The issue of identifying the Gadgets is sort of a recurring thing. There needs to be a human-readable sticky label on the hardware, giving the model number, hardware revision, hardware options, and serial number; also, matching data needs to be programmed into the EEPROM, so that the equivalent of the label contents can be read by a computer via the USB cable.
The obvious approach is to have the sticky label include both human-readable text and a QR code. But... QR codes in the little area I have left after budgeting for legible text don't work very well.
So, ponder: why do we have things like barcodes, OCR fonts, and suchlike? Well, if we think back to the 1970s, what would we have needed to read ordinary text off a label?
Right. A fairly high resolution digital camera (yet to be invented), and a multi-gazillion-dollar supercomputer if we wanted the result this week.
Nowadays, that supercomputer can be had for under $50, retail; a suitable camera, maybe $15. Wholesale, much less. And OCR software has come a long way.
Just for giggles, I just pointed my phone's camera at some very fine print and told Google Giggle Gaggle Goggles to have a look at it. The result: perfectly OCR'ed text.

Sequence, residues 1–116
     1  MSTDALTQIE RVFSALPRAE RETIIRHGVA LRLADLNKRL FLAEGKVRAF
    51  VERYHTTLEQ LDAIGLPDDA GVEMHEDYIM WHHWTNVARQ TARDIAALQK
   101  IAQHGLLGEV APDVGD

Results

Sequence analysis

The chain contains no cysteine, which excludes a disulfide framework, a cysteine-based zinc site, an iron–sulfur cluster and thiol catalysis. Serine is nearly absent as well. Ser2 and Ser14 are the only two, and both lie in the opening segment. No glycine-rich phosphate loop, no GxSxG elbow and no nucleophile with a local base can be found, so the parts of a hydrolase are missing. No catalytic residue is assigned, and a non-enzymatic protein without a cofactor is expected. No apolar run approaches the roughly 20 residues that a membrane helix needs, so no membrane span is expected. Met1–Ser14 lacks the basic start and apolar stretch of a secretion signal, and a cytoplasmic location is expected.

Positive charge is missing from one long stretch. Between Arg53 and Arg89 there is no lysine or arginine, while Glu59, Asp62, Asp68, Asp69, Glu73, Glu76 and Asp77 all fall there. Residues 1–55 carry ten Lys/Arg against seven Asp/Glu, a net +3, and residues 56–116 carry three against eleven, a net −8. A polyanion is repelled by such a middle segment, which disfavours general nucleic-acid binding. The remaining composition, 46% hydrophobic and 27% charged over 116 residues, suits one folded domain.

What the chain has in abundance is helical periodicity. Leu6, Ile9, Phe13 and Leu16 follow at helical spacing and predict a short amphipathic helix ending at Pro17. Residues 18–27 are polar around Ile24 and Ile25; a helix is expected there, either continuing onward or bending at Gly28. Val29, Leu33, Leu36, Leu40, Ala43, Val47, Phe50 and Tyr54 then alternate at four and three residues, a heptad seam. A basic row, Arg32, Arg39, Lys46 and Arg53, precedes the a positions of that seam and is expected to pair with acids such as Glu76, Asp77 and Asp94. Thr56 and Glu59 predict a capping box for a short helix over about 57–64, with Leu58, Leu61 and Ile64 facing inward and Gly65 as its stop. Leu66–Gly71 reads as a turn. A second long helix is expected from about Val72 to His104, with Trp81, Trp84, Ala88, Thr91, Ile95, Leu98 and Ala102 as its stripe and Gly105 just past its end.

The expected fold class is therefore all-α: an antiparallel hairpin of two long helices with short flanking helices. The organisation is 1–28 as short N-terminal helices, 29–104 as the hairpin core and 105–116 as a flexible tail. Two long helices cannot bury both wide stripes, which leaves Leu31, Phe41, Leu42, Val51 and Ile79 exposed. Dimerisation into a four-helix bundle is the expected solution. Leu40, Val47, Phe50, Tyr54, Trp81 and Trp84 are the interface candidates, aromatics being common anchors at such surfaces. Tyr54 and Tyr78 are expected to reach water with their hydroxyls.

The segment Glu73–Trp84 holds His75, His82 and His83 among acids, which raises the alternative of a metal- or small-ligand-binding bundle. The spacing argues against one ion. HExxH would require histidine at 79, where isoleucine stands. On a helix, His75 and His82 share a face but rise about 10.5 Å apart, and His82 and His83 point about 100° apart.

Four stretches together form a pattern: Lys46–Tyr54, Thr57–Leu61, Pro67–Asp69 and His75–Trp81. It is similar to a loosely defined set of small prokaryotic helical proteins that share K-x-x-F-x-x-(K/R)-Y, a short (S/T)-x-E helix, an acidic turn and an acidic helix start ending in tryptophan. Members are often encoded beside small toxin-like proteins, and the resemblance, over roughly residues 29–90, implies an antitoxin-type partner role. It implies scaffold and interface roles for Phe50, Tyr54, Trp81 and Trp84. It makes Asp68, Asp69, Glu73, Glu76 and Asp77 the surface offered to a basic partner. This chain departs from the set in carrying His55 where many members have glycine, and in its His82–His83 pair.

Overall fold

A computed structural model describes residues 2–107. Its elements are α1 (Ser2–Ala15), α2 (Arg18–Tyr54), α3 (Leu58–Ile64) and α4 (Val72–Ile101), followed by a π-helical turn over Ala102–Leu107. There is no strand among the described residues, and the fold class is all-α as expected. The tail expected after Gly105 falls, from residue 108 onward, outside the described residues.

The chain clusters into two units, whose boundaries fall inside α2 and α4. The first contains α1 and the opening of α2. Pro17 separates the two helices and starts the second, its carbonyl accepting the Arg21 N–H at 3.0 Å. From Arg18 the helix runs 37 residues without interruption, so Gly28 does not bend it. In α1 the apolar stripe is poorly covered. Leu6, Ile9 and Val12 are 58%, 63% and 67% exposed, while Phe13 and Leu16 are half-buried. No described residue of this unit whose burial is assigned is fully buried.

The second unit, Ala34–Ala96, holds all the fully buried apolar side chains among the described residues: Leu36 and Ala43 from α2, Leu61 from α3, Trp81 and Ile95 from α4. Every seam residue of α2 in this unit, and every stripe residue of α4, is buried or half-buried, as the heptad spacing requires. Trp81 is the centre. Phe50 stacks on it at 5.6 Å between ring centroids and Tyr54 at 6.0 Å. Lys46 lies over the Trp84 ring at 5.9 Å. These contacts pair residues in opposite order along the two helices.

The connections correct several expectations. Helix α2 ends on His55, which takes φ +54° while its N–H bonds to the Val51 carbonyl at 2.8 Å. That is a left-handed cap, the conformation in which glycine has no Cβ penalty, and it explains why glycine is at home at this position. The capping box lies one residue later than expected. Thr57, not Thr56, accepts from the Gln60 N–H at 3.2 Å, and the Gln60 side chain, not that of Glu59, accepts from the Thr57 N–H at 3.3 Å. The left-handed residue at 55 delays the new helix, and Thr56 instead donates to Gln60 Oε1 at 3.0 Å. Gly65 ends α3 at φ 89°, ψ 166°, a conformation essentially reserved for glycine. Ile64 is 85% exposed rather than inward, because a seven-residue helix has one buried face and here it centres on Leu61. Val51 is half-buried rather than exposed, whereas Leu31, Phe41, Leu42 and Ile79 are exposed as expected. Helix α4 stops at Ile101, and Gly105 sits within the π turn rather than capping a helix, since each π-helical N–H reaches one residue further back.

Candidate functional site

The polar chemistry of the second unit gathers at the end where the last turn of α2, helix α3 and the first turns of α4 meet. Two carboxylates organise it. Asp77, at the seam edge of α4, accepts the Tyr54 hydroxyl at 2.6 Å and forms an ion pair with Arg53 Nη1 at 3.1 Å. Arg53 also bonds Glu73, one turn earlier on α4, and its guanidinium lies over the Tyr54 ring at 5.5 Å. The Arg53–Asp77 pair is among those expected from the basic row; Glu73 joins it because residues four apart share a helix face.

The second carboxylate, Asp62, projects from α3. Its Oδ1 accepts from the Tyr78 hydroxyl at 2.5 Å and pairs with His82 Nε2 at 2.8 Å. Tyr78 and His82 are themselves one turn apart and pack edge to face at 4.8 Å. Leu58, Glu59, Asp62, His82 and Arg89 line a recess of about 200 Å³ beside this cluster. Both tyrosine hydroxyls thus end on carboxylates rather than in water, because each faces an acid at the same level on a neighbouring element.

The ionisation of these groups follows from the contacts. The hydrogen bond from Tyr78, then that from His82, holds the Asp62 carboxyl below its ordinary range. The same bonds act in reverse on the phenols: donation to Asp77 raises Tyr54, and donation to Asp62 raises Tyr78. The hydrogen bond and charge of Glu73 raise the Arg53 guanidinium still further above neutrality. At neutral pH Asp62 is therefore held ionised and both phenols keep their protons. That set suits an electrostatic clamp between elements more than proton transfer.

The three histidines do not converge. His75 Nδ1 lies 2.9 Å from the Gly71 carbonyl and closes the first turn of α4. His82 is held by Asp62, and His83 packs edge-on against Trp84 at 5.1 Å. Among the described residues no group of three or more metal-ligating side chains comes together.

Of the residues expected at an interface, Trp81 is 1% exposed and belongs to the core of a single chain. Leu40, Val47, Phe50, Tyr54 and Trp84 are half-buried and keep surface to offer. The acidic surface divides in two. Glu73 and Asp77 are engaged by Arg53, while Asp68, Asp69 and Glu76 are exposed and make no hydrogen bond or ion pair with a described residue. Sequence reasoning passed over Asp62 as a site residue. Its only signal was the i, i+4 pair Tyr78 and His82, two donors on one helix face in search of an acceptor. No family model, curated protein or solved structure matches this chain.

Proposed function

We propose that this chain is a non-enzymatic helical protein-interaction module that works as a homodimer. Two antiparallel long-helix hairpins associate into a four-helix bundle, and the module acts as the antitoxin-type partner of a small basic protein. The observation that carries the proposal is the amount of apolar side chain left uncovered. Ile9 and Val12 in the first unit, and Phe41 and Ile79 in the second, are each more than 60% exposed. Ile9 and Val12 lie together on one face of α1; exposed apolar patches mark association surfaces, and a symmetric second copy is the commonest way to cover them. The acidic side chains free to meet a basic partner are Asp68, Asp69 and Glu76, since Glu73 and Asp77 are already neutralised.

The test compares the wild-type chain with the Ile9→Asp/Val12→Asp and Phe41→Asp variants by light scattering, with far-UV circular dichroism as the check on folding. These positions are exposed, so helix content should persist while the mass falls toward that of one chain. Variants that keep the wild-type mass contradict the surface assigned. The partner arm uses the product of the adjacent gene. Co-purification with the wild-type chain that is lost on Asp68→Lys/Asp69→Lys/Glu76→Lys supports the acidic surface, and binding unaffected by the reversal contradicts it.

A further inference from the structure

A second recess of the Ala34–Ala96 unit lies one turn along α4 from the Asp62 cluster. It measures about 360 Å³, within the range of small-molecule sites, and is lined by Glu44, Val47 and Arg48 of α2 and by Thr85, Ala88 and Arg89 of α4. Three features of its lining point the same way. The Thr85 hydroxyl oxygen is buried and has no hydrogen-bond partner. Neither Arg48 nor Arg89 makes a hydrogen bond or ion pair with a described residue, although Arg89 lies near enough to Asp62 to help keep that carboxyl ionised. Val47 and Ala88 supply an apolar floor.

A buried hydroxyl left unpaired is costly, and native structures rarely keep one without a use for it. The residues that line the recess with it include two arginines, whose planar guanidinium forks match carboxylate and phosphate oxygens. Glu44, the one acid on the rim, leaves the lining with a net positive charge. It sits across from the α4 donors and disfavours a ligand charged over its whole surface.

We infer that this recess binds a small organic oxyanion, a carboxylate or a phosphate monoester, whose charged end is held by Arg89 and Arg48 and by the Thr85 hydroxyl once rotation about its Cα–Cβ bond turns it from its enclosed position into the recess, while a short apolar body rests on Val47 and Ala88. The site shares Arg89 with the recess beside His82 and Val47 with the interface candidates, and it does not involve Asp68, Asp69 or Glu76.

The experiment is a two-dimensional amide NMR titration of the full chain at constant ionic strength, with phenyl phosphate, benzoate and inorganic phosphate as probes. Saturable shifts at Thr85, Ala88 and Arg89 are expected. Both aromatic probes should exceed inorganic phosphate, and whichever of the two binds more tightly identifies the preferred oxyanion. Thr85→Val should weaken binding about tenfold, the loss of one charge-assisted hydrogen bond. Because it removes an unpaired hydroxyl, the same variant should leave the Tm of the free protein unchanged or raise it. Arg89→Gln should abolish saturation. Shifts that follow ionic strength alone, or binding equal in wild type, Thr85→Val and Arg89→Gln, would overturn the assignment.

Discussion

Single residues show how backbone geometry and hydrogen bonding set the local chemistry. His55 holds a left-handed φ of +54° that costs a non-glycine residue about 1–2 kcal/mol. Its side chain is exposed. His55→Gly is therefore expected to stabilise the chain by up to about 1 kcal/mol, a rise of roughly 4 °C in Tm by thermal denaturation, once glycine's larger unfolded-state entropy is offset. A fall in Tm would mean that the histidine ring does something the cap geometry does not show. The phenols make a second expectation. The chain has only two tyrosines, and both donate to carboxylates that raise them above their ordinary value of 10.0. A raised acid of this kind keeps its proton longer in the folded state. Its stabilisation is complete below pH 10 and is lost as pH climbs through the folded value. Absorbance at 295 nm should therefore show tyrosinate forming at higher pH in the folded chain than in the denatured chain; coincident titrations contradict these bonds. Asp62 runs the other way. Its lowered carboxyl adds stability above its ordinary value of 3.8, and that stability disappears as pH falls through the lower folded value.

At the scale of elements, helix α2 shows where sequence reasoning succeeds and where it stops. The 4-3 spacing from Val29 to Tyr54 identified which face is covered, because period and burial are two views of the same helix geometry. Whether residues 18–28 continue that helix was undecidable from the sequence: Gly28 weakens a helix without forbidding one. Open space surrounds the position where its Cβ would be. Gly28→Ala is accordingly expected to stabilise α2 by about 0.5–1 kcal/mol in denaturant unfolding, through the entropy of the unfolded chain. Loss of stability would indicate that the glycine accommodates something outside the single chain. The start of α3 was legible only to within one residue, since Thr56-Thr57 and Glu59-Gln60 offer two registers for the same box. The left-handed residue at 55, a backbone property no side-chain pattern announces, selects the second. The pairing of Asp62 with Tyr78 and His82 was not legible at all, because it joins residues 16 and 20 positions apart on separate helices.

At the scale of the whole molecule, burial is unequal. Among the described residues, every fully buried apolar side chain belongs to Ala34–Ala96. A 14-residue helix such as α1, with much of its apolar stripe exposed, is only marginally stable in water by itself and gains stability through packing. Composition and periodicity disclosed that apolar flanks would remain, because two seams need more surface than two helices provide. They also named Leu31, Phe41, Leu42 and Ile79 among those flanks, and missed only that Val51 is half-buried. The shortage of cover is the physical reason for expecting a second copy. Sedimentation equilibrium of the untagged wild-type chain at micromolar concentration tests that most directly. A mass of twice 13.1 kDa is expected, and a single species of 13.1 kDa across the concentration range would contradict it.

I'm thinking that my label should just have the information printed in human-readable form, using a very clear font, and I can have a small camera built into the programming / test / calibration fixture to read the label into the computer that's managing the process. Toss in additional knowledge of which positions should be letters and which should be figures, and reliability of OCR should be good enough (especially since much of the information is amenable to sanity checking).
I think a lot of the new-model barcode / QR-code scanners are really just cameras with special firmware (though supermarket scanners mostly still use lasers, as far as I've seen - unless those are just there for familiarity, and the actual work is done using a camera). Another generation of software, and they'll be able to read text directly... leaving only the problem of identifying which text the scanner should be reading (plus of course the detail of having to keep the legacy barcodes around for many years, for compatibility with the older scanners).